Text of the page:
Domestic hot-rolled coil prices in the EU remained stable Aug. 25 in a slow market, but steelmakers were expected to increase offers soon.
A big European producer was reported to notify its customers that current coil offers will remain valid through Aug. 26, a few sources said.
One trader said the new offers were likely to increase by Eur100/mt. Other market participants also expected steelmakers to attempt to increase prices to cover rising energy costs.
Latest offers from the producer in Northern Europe have been reported at Eur750/mt delivered.
Offers from various Northern European producers have been reported at Eur700-750/mt ex-works.
Latest deals, however, have been settled at about Eur700/mt ex-works Ruhr. And market sources estimated tradable value at Eur700-750/mt ex-works Ruhr.
Platts assessed hot-rolled coil in Northern Europe unchanged day on day at Eur700/mt ex-works Ruhr Aug. 25.
European steelmakers face sharp rises in energy costs, and the current price for HRC has been reported to be close to the cost level. But the price rise would be challenging because of weak demand from distributors and end-consumers.
European distributors had bought significant volumes in March this year in fear that Russia’s attack on Ukraine would result in a steel shortage and, therefore, a sharp price rise. Although coil prices had jumped in Europe in March, the recovery was short-lived and left distributors with high stocks of expensive material. As a result, buyers preferred to focus on destocking and limited their purchases to minimum, buying only required specifications.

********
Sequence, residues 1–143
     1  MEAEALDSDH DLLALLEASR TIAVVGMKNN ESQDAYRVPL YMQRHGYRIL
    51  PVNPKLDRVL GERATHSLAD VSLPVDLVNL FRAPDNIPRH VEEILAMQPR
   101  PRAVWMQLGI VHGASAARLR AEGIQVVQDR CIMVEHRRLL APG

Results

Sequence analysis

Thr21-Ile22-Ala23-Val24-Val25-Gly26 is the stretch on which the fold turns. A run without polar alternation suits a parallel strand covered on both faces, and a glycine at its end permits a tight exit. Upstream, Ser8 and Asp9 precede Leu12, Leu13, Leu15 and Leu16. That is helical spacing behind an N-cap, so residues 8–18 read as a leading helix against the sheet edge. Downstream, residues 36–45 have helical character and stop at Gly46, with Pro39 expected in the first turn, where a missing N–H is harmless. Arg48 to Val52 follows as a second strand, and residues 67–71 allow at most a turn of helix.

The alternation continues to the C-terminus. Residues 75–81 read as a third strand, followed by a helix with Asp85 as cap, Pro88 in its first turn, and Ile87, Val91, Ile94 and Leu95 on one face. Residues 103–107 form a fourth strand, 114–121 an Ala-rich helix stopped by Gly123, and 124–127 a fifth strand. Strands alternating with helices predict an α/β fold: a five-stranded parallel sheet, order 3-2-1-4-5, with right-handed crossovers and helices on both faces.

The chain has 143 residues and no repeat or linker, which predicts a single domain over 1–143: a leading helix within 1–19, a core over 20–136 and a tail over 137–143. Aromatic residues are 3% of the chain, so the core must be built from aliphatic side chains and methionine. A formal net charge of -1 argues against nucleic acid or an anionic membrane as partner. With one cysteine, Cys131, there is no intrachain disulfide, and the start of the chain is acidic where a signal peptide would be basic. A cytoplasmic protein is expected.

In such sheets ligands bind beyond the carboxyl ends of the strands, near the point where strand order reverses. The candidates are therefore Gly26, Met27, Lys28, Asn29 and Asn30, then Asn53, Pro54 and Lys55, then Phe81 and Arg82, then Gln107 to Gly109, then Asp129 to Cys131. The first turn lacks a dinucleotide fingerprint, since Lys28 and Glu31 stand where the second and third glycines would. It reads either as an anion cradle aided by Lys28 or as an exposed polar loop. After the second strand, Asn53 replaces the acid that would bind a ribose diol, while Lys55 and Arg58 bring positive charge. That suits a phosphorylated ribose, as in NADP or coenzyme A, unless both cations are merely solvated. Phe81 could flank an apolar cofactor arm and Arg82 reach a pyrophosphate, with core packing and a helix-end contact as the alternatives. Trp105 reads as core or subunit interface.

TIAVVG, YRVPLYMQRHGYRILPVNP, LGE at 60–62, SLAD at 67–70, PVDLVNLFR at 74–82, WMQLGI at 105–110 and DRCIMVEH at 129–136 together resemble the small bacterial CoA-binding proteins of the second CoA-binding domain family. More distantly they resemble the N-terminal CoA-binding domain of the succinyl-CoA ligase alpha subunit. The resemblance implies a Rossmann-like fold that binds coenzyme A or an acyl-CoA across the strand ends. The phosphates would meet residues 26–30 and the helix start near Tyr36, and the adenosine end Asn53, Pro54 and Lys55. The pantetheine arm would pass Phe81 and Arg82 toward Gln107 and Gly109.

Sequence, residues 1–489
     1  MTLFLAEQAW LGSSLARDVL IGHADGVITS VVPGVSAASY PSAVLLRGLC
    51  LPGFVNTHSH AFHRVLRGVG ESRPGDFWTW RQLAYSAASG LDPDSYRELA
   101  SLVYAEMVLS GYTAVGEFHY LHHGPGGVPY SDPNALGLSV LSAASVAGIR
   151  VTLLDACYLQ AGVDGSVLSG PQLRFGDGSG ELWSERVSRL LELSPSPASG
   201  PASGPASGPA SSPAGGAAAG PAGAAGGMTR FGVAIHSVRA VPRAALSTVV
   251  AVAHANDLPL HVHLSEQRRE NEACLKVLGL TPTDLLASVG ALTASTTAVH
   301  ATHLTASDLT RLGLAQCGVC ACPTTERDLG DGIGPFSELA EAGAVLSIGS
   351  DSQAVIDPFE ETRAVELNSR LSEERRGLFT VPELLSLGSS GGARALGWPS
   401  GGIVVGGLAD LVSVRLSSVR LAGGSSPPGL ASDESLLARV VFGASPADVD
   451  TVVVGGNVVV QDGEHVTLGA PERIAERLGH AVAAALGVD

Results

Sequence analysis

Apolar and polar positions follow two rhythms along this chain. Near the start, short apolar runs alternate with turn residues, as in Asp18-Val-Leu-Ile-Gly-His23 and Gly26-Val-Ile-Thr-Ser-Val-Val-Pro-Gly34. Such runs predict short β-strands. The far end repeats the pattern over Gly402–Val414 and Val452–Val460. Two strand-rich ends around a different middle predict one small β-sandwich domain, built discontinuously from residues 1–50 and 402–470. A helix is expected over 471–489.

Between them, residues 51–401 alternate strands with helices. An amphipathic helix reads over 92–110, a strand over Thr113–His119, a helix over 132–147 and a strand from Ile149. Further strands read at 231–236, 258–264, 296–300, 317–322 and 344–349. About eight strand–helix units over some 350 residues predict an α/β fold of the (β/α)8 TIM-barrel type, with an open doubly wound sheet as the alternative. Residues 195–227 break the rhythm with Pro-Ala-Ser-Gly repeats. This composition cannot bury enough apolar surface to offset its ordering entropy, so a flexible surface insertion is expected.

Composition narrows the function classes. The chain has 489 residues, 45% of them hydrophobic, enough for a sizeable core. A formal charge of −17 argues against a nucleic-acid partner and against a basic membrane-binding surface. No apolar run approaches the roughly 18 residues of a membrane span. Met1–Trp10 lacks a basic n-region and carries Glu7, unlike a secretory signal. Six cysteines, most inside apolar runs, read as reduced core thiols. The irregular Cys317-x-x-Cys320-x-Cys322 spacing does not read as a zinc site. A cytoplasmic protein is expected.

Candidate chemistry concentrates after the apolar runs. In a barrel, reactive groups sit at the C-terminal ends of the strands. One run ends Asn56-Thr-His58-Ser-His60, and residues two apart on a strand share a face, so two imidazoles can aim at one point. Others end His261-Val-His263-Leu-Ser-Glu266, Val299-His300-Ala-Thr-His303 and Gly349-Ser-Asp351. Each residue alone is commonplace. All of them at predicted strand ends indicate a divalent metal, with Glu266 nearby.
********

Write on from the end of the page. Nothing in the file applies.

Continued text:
Although flat steel demand from the automotive industry was expected to recover in the second half of the year, the revival might not be enough to change the situation in the market.
“The industry is going down, I feel,” a German distributor said. “Basically, the private consumption is quite low. People keep their money in order to have it for additional energy costs and other payments. Means the situation of the mills didn´t change at the end of the day. That what automotive is using more, the industry is using less. Stocks also, I guess, are still on a good level, not too much, but enough under consideration of the demand.”
Steelmakers across Europe have already reduced output to match with lower demand. Few mills have stopped equipment, others just reduced shifts. The effort, however, was not enough to change the trend in the market.
Some market sources said they believed that further and more drastic production cuts were needed to trigger a coil price recovery. Steelmakers, however, have cited high costs and the long periods required for a blast furnace stoppages, and no new equipment shutdowns have been heard.
— Maria Tanatar, Benjamin Steven